Treasury flags up further attacks on personal service companies

NOTE: This post is more than 12 months old, and the information contained within may no longer be accurate.
Consultants are a prime target for an attack on PSCs
Consultants are a prime target for an attack on PSCs (Photo: Flickr/NEC)

HM Treasury staff appear to be briefing the press that the Autumn Statement will force contractors paid through personal service companies (PSC) to go onto PAYE after only one month of working for a single employer. The PSC stories have appeared in several newspapers two weeks before the chancellor’s statement, which is scheduled for 25 November. It is of course not unusual for ‘kite-flying’ stories about possibly unpopular proposals to appear in the press in advance, so the government can gauge public reaction to them before going ahead, (or not).

These particular proposals would be highly unpopular with independent consultants and high-earning celebrities, especially in the entertainment world where such arrangements are both common and generally accepted as legitimate. Their effect would be to shift about 90 per cent of individuals now working through PSCs into the PAYE system, thus forcing them and their employers to pay full income tax and national insurance contributions, and reducing the scope for tax evasion. This, it is being suggested, could generate an extra £400 million of HMRC receipts.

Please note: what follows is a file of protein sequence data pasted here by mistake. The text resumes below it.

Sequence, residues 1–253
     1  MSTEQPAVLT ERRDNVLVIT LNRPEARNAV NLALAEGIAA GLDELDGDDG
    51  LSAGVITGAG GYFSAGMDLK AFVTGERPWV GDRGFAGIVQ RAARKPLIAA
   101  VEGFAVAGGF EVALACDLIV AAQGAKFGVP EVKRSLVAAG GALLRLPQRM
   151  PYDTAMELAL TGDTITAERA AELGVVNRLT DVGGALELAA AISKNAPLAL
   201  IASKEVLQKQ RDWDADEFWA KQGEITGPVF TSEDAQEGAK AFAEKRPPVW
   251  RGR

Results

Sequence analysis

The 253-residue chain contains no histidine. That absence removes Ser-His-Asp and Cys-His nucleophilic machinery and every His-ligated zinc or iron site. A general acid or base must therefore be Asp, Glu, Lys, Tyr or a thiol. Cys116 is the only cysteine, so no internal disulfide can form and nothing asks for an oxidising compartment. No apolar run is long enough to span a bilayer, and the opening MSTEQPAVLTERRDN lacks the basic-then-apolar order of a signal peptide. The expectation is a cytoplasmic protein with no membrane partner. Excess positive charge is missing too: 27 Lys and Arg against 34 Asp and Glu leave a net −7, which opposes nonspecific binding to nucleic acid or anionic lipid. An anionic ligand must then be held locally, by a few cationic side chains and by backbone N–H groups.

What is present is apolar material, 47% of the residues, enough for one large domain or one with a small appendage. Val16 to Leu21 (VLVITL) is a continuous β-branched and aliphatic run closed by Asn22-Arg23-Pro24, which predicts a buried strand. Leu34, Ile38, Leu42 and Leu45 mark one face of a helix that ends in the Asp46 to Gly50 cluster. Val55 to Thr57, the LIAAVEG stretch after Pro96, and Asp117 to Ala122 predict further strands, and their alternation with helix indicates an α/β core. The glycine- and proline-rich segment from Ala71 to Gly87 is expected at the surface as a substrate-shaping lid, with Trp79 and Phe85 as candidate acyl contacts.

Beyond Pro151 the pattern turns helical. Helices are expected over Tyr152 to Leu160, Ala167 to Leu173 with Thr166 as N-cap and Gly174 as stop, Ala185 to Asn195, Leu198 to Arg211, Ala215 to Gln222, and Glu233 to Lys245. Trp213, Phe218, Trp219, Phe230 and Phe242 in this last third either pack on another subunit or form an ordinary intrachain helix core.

The reports suggest that the rules would be enforced through employers, both in the private and the public sector. No consultation has been held on these ideas as of yet, although PSCs have been controversial since May 2012 when a Treasury investigation identified more than 2,400 senior staff in the public sector being paid through their own companies. In March of this year, it was revealed that England’s National Health Service had terminated the contracts of 79 staff members paid through personal service companies because they could not show they had met their tax obligations. Several steps have been taken since then to reduce the attraction of using PSCs, generally justified by the notion of ‘fairness’. They include a proposal, expected to be legislated in Finance Bill 2016, to disallow tax relief on travel and subsistence expenses claimed by employees who work through PSCs.

Other Articles

Share This Article

Share on facebook
Facebook
Share on twitter
Twitter
Share on linkedin
LinkedIn
Share on whatsapp
WhatsApp
Share on email
Email

Are you ready to make informed decisions about your money?